Residence halls are filled with more than just what you can see on the surface: a lounge isn’t just a space to hang out in between classes, it’s a place to form connections with other students and create a shared experience. A roommate isn’t just someone you share a space with, it’s someone who can become a long-lasting friend. The people on your floor who you didn’t know on move-in day are the ones experiencing the highs and lows of the school year alongside you.
Choosing to live on campus offers you the chance to build a stronger connection to the university and engage with the UT community. You’re steps away from your classes and the endless activities UT provides, from involvement fairs to football games.
“Most of our students who choose to live on campus again do so because of the convenience,” says associate director for Residence Life Jerry Adams. Adams has worked at UT for more than 30 years and has seen the impact that it can have on students’ experiences during their time here.
Adams explains that when living in the campus residence halls, people can make life-long friends. “It’s the friendships, it’s the community. It’s going to the cafeteria and talking for an hour; it’s grabbing coffee together or the whole floor sitting together at the football games. The opportunity to meet new people is what living in a residence hall is all about.”
“Three families of student leaders that I knew in the mid 90’s—sorority and fraternity presidents, student body presidents—they’re all coming together for a family tour. It’s just the time friends that they make living on campus is what really makes it special.”
For Jayda Moorefield, the decision to stay on campus offered her the opportunity to meet new people, as well as the convenience mentioned by Adams.
“I am a transfer student, so it was more ideal for me to live on campus since I did not know anyone here at UT,” says Moorefield. As a University Housing as a tour guide, office assistant in Stokely Hall, and a member of a dance company, she enjoys being able to wake up a little later knowing she can walk to work, classes, or rehearsals without having to schedule travel time. “Living on campus also put me closer to resources such as tutoring and the academic success center.”
But Moorefield also explains that she felt she was not as connected to campus life when she was living off-campus. “I feel more involved in the university. When I lived off-campus, I felt that I was always missing out on the activities going on on-campus. I also have gotten very friendly with the housekeeping staff and those short conversations can really brighten my day. Being an out of state student, it is nice to have a familiar face that you can always count on to be up for a conversation.”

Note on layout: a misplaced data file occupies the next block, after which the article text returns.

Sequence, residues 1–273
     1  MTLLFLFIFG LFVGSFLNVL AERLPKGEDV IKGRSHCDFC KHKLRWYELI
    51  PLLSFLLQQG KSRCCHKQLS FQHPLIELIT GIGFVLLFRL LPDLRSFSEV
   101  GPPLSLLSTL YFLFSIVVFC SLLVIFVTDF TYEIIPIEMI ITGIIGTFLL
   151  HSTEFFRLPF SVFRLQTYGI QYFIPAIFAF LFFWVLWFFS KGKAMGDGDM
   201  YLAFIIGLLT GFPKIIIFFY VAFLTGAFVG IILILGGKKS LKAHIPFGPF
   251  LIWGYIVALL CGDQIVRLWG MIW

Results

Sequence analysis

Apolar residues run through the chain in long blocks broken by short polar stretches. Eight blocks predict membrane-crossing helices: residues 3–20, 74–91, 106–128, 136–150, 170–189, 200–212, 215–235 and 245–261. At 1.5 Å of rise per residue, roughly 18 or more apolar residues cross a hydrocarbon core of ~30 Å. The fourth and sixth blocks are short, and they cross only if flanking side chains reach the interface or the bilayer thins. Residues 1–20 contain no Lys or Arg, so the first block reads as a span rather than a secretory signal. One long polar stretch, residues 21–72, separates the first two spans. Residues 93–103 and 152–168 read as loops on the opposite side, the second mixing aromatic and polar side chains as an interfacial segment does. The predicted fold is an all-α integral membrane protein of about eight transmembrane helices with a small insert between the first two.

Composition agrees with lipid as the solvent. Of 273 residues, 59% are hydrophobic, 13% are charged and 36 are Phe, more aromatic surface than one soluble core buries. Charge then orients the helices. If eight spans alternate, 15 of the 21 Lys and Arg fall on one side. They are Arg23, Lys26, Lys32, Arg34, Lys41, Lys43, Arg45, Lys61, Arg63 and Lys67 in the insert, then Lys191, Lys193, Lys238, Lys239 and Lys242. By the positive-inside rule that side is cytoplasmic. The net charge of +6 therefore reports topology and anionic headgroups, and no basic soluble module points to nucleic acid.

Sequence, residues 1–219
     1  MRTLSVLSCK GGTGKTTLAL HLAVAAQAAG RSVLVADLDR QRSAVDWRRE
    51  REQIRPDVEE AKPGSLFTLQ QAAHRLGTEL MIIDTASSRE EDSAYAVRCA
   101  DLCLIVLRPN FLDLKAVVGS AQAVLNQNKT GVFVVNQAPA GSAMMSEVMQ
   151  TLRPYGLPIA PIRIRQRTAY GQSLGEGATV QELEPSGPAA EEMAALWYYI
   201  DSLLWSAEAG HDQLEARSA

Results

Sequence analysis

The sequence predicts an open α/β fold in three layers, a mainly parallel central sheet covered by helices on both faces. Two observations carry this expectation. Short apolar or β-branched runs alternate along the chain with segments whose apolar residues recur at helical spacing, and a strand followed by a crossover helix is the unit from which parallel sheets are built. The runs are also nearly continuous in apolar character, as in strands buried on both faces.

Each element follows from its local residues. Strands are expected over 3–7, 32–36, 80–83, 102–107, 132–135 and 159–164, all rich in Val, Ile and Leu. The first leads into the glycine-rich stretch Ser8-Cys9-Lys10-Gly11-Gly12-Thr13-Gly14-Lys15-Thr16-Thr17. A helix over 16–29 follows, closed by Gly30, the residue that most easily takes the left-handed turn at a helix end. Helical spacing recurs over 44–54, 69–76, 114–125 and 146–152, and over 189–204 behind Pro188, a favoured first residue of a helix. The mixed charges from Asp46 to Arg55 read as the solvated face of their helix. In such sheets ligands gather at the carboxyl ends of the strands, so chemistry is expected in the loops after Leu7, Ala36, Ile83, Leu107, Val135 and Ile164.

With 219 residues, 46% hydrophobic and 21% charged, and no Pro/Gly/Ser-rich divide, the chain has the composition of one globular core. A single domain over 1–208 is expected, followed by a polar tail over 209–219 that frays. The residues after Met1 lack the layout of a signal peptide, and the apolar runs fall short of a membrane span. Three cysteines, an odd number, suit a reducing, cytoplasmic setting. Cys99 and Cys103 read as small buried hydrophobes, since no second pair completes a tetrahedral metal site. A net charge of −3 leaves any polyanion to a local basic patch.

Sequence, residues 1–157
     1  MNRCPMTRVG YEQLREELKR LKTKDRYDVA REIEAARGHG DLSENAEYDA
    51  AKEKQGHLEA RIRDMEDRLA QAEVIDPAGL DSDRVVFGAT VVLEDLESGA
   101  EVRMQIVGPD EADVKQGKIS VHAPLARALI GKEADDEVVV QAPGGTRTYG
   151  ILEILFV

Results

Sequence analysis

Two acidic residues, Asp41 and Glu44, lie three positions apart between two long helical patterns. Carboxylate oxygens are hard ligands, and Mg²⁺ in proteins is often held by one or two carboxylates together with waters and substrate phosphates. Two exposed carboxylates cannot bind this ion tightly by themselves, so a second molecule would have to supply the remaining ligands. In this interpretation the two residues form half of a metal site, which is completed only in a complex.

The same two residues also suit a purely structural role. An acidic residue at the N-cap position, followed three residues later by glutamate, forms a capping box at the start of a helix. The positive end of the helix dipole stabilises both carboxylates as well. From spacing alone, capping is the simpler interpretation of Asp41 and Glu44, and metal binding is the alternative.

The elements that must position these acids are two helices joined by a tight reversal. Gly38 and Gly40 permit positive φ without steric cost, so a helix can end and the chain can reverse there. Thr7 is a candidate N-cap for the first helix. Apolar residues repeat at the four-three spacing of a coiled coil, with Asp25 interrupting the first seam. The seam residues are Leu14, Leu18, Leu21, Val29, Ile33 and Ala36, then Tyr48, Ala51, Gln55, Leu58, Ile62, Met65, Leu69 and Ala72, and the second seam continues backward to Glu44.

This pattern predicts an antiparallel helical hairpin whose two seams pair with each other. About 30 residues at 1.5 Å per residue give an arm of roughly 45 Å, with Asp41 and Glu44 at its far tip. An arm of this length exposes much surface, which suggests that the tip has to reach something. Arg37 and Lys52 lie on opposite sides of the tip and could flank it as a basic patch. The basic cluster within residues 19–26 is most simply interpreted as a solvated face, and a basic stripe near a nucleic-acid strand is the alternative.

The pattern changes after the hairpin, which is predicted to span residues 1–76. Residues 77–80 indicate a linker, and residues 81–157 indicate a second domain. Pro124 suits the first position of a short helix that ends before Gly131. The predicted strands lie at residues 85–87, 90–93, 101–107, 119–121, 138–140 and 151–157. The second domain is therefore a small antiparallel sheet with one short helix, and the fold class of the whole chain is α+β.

When asked about what she would tell someone considering moving off campus, Moorefield explains “I would tell someone who is considering living on campus again to explore the living options they have on campus. If the reason they want to move off campus is for an apartment, I would tell them about the apartment styles offered on campus and how they compare to off-campus living. I would also tell them to not feel pressured to move off campus after their first year has concluded.”
A struggle you might feel with moving off campus could be the fact that your friends want to move. Moorefield says, “If living on campus is ideal for them but all of their friends are moving off campus, it may be challenging to decide what to do.” Adams explains he’s been working with a student whose friends wanted to move to an off-campus residence, but he wanted to stay. “He just loves living on campus and is going to come back for a third year. He came in freshman year by himself, met three guys and they all had a great time living together. He moved to Volunteer Hall by himself because they wanted to move off campus and met three new guys and had another great year.”
Moorefield says, “I would just remind them of the convenience of living on campus and have them weigh the pros and cons of living off campus if that is something they feel they want to do.”
The opportunity to sign up for on-campus housing for next year is currently underway, with room selection closing on Friday, February 14. To learn more about living on campus, visit housing.utk.edu.